Migrant workers in the UK, many in low-paid jobs, are sending £8bn a year to support families in their home countries, says a report from the United Nations' education agency. As well as migrant workers in low-paid jobs, there are also well-qualified, professional workers who go to wealthy countries and then send money home to help with others in their family wanting to study. Western Union said they believed that about 30% of transfers were intended for education.
The remittances sent home by migrants can be a lifeline for families in poorer countries - sent back by people working in wealthier parts of the world. The £8bn sent back from migrant workers in the UK compares with about £13bn, which is said to be the UK government's total overseas aid.
In the US, more than £500bn per year is sent worldwide in remittances.
But Unesco warns too much of this "hard-earned money" is being taken in transfer charges by finance companies. It says that people wiring money should only have to pay 3% in charges - but the global average is 7%.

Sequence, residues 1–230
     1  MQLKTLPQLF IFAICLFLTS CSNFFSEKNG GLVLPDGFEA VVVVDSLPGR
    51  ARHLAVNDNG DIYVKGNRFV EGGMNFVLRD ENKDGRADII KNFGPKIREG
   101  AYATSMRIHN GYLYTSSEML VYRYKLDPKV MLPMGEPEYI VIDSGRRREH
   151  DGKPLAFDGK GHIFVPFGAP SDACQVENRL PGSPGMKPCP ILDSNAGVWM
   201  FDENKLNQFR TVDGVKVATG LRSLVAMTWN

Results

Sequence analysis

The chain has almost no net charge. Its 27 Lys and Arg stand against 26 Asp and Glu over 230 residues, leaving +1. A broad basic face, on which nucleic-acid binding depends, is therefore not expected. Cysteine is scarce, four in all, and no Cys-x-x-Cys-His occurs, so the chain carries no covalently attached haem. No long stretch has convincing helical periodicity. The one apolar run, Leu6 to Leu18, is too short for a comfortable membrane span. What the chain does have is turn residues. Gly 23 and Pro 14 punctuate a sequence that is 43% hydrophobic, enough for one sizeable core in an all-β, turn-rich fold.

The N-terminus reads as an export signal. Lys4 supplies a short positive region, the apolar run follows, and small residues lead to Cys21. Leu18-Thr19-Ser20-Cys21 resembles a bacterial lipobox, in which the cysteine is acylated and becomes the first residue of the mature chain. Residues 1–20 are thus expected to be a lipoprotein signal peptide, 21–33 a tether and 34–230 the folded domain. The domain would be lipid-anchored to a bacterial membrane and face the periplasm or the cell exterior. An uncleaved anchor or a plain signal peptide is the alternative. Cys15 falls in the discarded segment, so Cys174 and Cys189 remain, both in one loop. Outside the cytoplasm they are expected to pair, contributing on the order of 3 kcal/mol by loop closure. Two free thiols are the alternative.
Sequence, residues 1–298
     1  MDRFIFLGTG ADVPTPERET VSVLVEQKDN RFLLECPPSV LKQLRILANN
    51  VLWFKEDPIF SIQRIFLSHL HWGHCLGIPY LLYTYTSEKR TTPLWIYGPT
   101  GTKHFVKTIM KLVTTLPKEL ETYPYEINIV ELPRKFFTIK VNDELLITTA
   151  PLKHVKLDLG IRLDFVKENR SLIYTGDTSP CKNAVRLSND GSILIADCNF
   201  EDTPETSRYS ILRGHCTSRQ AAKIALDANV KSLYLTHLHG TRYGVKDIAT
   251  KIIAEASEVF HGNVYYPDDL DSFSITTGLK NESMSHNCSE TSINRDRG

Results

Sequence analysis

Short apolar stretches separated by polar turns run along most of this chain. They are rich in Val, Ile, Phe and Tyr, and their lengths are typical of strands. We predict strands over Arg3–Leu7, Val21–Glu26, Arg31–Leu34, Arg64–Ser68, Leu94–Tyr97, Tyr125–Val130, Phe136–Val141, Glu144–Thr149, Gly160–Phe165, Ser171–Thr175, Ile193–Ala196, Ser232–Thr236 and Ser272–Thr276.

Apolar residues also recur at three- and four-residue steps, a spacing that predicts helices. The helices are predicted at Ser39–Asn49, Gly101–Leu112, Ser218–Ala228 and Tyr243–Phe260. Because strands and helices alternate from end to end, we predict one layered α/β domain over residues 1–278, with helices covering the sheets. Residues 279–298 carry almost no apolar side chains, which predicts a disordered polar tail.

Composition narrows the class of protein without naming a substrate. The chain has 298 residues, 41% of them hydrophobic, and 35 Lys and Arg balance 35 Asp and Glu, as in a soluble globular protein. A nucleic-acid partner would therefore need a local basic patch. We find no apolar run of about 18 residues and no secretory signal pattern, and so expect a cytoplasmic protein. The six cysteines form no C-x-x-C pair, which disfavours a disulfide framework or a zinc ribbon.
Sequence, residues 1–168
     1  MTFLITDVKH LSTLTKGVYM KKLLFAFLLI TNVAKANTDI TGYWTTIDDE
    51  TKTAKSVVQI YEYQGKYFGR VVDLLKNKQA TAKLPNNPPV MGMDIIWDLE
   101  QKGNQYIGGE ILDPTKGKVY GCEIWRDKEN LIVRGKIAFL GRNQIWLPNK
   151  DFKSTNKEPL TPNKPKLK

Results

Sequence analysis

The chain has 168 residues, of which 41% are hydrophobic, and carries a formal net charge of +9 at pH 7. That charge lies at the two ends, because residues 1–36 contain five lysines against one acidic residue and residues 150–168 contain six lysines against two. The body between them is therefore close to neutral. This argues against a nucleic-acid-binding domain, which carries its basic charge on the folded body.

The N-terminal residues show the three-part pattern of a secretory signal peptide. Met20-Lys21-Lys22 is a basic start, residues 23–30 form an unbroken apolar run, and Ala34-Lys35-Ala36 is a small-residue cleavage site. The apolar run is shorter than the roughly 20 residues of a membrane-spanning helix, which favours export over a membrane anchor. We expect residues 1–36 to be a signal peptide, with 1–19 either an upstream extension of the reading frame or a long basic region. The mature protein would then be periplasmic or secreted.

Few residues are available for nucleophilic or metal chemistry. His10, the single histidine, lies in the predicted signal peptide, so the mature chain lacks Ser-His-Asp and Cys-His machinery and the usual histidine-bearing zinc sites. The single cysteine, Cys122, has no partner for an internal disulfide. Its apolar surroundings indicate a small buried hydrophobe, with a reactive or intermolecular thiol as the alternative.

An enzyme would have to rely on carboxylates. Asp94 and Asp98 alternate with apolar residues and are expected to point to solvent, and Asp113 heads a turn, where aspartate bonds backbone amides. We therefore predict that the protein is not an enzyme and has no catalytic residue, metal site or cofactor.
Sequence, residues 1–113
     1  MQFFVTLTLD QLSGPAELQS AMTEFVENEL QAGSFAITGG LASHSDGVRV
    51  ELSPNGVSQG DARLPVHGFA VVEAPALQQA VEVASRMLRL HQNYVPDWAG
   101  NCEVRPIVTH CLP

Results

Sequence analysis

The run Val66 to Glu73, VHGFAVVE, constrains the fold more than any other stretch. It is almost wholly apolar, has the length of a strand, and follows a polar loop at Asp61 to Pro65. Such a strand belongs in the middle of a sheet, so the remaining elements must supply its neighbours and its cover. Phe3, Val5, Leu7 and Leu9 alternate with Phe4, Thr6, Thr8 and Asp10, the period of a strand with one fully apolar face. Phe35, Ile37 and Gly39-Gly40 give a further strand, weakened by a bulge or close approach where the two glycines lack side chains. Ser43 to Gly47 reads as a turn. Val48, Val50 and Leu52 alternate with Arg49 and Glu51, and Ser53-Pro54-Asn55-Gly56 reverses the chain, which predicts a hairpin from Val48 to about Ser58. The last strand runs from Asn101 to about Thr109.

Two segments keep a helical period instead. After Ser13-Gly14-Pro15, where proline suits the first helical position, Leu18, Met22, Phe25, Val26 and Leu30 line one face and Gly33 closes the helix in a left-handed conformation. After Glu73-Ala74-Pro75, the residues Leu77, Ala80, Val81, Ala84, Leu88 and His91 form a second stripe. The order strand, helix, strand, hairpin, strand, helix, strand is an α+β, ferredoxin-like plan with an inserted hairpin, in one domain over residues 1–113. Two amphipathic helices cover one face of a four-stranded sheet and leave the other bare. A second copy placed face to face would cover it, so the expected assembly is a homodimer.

The UK is in the top 10 countries for overseas workers sending back money - with billions of pounds sent to the three biggest recipients - Nigeria, India and Pakistan. Hundreds of millions are sent to Poland, China, Kenya, Philippines, Bangladesh and Ghana each year.
From the US, remittances have been particularly important to countries in Central America and South America.
Companies should not be allowed to continue skimming off so much of the money that migrants are sending back home," says Manos Antoninis, director of the Global Education Monitoring report. "Such transaction costs are highest for the poorest migrants" Unesco's Mr Antoninis explained, "These migrants have left everything, often following a dream. They then send their hard-earned money back home to support those they left behind, only to find they are charged extortionate fees for the service."
Getting fees down to 3% across the world would save migrant families $25bn (£20bn) per year - which the UN's education estimates would lead to an extra $1bn being spent on education. In 18 countries across Africa and Asia, remittances increased education spending by 35% - and in Latin America by over 50%. In India, rural families receiving remittances spent 17% more on education than neighbours who did not have such cash being sent back by relations. In the Philippines, this extra income from overseas was seen as a way of reducing child labour, allowing children to remain in education. In Ecuador, money from remittances has become important to keeping girls enrolled in school.